Drudge has an "RIP" headline up for it, but that seems overly optimistic to me.
If it dies, it may have been a Democrat that killed it. No, really:
Where's everyone's excitement for this kind of bipartisanship? Is it not the highest form of legislating? Michelle notes that Dorgan is published on NRO today, speaking against amnesty:
Afragile compromise that would legalize millions of unlawful immigrants risks coming unraveled after the Senate voted early Thursday to place a five-year limit on a program meant to provide U.S. employers with200,000 temporary foreign workers annually.
The 49-48 vote came two weeks after the Senate, also by a one-votemargin, rejected the same amendment by Sen. Byron Dorgan. The North Dakota Democrat says immigrants take many jobs Americans could fill.
The reversal dismayed backers of the immigration bill, which is supported by President Bush but loathed by many conservatives. Business interests and their congressional allies were already angry that the temporary worker program had been cut in half from its original400,000-person-a-year target.
A five-year sunset, they said, could knock the legs from the precarious bipartisan coalition aligned with the White House. The Dorgan amendment"is a tremendous problem, but it's correctable," said Sen. Arlen Specter, R-Pa. The coalition will try as early as Thursday to persuade at least one senator to help reverse the outcome yet again, he said.
Michelle also gives a great run-down of all the political theater on the floor of the Senate yesterday. She liveblogged the whole thing, so you don't have to subject yourself for C-SPAN.
So, we try to manage immigration through quotas. Nearly a million and a half people come to our country legally every year through this process. In addition, another one million people plus come here eachyear to work legally at agricultural jobs.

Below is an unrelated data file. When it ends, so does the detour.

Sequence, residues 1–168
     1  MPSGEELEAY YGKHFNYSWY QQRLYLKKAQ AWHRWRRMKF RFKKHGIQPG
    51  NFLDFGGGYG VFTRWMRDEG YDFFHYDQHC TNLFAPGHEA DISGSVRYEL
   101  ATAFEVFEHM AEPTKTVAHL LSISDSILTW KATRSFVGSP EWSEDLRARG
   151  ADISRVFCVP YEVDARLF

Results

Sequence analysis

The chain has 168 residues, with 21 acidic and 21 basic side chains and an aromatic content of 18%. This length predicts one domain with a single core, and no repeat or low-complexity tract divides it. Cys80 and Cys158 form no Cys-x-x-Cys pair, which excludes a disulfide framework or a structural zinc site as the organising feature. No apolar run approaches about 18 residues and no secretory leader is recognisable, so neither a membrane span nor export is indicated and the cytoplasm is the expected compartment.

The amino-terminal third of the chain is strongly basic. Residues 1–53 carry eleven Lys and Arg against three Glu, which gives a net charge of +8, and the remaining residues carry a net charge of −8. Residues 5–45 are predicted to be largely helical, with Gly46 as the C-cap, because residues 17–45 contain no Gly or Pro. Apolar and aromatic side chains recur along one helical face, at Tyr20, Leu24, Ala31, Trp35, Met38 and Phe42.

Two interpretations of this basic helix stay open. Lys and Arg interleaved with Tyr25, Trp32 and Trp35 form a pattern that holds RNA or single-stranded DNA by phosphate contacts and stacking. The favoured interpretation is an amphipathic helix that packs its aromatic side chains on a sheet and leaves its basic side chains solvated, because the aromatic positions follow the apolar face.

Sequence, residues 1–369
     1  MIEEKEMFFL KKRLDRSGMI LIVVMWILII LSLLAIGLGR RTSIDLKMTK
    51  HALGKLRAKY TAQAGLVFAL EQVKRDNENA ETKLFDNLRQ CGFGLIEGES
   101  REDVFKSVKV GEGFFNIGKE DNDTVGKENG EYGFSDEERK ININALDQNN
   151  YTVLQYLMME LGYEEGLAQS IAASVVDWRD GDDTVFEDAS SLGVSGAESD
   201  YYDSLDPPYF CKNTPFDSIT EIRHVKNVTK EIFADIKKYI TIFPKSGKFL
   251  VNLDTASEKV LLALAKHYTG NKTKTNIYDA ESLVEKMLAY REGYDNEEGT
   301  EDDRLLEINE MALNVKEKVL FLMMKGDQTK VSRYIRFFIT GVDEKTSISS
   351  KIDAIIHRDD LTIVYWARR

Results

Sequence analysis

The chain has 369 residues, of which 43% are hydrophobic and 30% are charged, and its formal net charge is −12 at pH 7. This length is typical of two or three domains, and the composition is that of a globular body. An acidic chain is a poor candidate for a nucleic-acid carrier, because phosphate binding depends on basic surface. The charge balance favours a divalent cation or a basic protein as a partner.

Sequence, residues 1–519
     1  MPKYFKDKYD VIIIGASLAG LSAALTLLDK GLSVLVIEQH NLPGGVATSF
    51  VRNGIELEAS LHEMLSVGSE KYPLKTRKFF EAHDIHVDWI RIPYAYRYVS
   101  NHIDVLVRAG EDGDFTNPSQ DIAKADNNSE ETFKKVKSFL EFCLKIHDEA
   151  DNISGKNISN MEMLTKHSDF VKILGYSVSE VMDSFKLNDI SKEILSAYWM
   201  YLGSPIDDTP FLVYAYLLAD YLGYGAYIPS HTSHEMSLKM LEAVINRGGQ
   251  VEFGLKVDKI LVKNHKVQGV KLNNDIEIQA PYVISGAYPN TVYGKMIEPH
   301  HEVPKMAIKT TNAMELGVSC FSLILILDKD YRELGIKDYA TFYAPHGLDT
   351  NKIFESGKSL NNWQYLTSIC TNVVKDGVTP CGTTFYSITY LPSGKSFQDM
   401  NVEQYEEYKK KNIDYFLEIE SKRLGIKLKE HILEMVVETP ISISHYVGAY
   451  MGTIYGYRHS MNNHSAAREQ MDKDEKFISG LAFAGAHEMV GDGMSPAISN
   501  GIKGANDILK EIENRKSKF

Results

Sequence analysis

Now, I’m sensitive to the fact that some immigrants who have come here illegally have worked hard for decades and even raised their families here. We need to take that into account as we try to resolve their status.
But I don’t think we should decide that anybody who showed up here illegally as of last December 31 should be given a green light to stay here and work here permanently.
Our laws need to be enforced — both at the border and at the workplace. Just as someone sneaking across the border illegally should be punished, so too should employers who break the law and hire illegal immigrants for low wages.
Looks like today is the moment of truth for the bill.
Capt. Ed reports on how Sen. Lindsey Graham continues to embarrass himself on this issue.
The Washington Post still has faith in the bill's passage, and charts some of the developments from yesterday's wrangling:
Still, the bill took a decidedly conservative turn last night with the adoption of amendments that would at once declare English the national language and designate English the "common language" of the United States.The Senate also blocked the bill's newly legalized undocumented workersfrom receiving the earned-income tax credit, while denying legalized undocumented workers any Social Security benefits they may have earned after overstaying their visa.
Senators also undid a provision that would keep information from visa applications confidential.
But those changes were not immediately hailed as deal-breakers. The vote to sunset the guest-worker program came so late that its impact was not clear. The known challenges to the bargain were defeated, however. One such proposal, by Sen. John Cornyn (R-Tex.), would have blocked legalization for a broad array of legal infractions, including scrapes with immigration courts.
Here's an alternate description of that Cornyn amendment:
Cornyn is pushing for his amendment banning felons from obtaining Z visas. If we don't adopt the amendment, "We should retitle this bill 'No Felon Left Behind.'"